How To Build Wealth In Your 20s | Your Ultimate Guide

how to build wealth in your 20sI made some dumb mistakes with money when I was in my 20s.

Luckily I also made some really smart money moves as well.

The result is now that I am in my early 40s, I have a solid financial footing and am closing in on having close to $1 million in net worth.

And if I could have avoided many of the financial mistakes in my 20s, who knows where I would be today.

You are here because you have no clue how to handle money and you want to know the steps to build wealth in your 20s.

You are curious about how to become rich, what are some passive income ideas, and how to become a millionaire.

In this post, I take you step by step so you can reach your goals.

I cover every aspect of your financial journey, including:

  • Budget tips for 20 somethings
  • How to save money in your 20s
  • Building wealth in your 20s
  • How to start investing in your 20s
  • Paying off student loans in your 20s
  • Insurance you need in your 20s

Why do I cover everything?

Because you need to understand everything if you want to build wealth.

You can’t focus on investing and ignore your spending.

You have to take a holistic approach to your money so that one day (sooner rather than later) you will become rich and have options in life.

And who doesn’t want to live a life where they have more opportunities and choices?

You can have just about everything you want, as long as you follow these tips of financial moves to make in your 20s.

So let’s get started!

How To Build Wealth In Your 20s

I am breaking out each area of financial planning in your 20s into its own section so you can follow along easily.

Feel free to jump around and focus on the aspect of money that interests you the most.

Just be sure to look over every section.

At the end of the post, I will summarize everything for you if you are short on time.

I’ll also highlight the most critical financial moves to make in your 20s as well as give you a list of financial goals to achieve in your 20s.

Budget Tips For 20 Somethings

learning how to budget

While making and following a budget doesn’t sound very exciting, it is an important step in how to manage money in your 20s.

I know you look at some people and see their luxury car or name brand clothes they wear and you want this too.

You can have these things, but not right now.

Here is why.

If you simply start spending your first paycheck on these things, you will create a bad habit.

You will always want the latest gadget, fashion, car, whatever.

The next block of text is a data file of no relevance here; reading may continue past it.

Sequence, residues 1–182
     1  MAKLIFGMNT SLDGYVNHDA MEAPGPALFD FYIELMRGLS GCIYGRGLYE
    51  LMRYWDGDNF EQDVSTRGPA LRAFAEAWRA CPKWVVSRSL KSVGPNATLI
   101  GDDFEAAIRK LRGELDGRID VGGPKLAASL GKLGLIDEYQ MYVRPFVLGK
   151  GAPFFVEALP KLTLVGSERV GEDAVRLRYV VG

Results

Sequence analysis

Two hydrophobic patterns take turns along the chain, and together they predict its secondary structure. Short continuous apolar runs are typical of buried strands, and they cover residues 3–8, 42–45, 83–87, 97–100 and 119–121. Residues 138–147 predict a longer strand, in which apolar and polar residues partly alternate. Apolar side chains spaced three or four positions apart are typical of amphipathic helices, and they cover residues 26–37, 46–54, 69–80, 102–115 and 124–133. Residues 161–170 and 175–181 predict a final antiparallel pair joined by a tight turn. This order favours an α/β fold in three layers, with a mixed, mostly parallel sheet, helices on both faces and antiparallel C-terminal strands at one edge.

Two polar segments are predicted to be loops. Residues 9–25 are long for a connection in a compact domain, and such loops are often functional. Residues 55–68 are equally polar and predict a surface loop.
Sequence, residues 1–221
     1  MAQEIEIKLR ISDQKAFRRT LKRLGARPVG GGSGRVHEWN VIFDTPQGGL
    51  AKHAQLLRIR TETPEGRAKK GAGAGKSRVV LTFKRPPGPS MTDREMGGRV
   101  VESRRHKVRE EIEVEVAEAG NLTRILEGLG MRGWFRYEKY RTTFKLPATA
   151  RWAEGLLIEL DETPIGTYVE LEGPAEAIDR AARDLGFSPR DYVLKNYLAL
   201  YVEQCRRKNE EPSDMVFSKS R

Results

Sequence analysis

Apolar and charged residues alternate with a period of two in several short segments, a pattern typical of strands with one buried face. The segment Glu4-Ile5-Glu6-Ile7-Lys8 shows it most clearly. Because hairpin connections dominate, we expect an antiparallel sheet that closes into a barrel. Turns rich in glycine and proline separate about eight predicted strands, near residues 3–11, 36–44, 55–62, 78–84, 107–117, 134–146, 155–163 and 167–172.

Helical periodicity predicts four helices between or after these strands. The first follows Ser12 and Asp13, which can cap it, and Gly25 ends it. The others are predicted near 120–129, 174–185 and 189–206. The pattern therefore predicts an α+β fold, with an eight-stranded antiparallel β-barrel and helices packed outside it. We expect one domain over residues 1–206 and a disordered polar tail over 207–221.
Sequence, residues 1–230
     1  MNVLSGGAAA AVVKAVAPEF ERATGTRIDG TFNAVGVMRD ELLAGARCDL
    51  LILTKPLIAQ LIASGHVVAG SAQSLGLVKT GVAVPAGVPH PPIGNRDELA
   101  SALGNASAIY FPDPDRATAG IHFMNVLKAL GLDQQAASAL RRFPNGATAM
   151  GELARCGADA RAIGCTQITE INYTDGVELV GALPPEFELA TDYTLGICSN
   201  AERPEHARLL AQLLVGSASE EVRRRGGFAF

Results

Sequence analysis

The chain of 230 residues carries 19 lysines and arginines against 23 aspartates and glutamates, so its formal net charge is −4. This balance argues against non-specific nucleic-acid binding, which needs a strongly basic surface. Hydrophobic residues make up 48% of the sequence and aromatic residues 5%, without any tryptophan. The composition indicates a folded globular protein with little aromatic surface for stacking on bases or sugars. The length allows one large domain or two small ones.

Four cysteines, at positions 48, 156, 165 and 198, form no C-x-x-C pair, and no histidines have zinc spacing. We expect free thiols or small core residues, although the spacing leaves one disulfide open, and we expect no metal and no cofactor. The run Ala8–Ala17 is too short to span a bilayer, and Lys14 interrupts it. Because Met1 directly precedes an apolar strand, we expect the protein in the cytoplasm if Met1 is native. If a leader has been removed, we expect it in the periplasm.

You won’t save anything and in 20 years, you will wake up and wonder how you got to where you are.

There is a good chance you will be in credit card debt, have auto loans, and a huge mortgage.

As a result, you have to get up and work a job you may very well hate because you have to pay the bills.

I have a friend like this.

He graduated high school and started working. He bought a brand new car and was spending money as fast as it came in.

A few years later, he saw a different car he liked and bought that one. Then another one. And another.

He was also spending money on other things too. He wasn’t saving anything.

Fast forward 15 years later to today.

He has an 8 year car loan and a payment of $800 a month because he kept refinancing his car loans into a new car loan.

He has a mortgage as well.

Money is so tight he barely has any left to enjoy life let alone save. In fact, he relies on overtime just to make ends meet.

He is stressed out and unhappy.

But he has to work as many hours as possible just to pay the bills.

You see, when you have mountains of debt, or debt of any amount, you aren’t working to pay yourself. You are working to pay someone else.

For example, if you are in credit card debt of $500 and you make $500 this week at work, you were working to pay the credit card company.

All the money you earned is going to them.

You have nothing to show for getting up at 5am, fighting traffic, dealing with people you dislike, fighting traffic again and going to bed.

All to repeat it again the next day.

But if you didn’t have that $500 in debt, the money you earned is yours.

You decide to spend it on a nice dinner out. Or you decide to save and invest it so you have more options in life.

Another friend graduated high school and started working right away. He didn’t buy a new car every few years.

He kept his car and only bought another one when it made sense. He also made it a point so save a little bit of money every month.

Fast forward 15 years and he is financially stable. He hasn’t made all the right money moves, but he was smart by staying out of debt.

As a result, he was able to quit a job he hated and take a lower paying one because he wasn’t handcuffed by debt.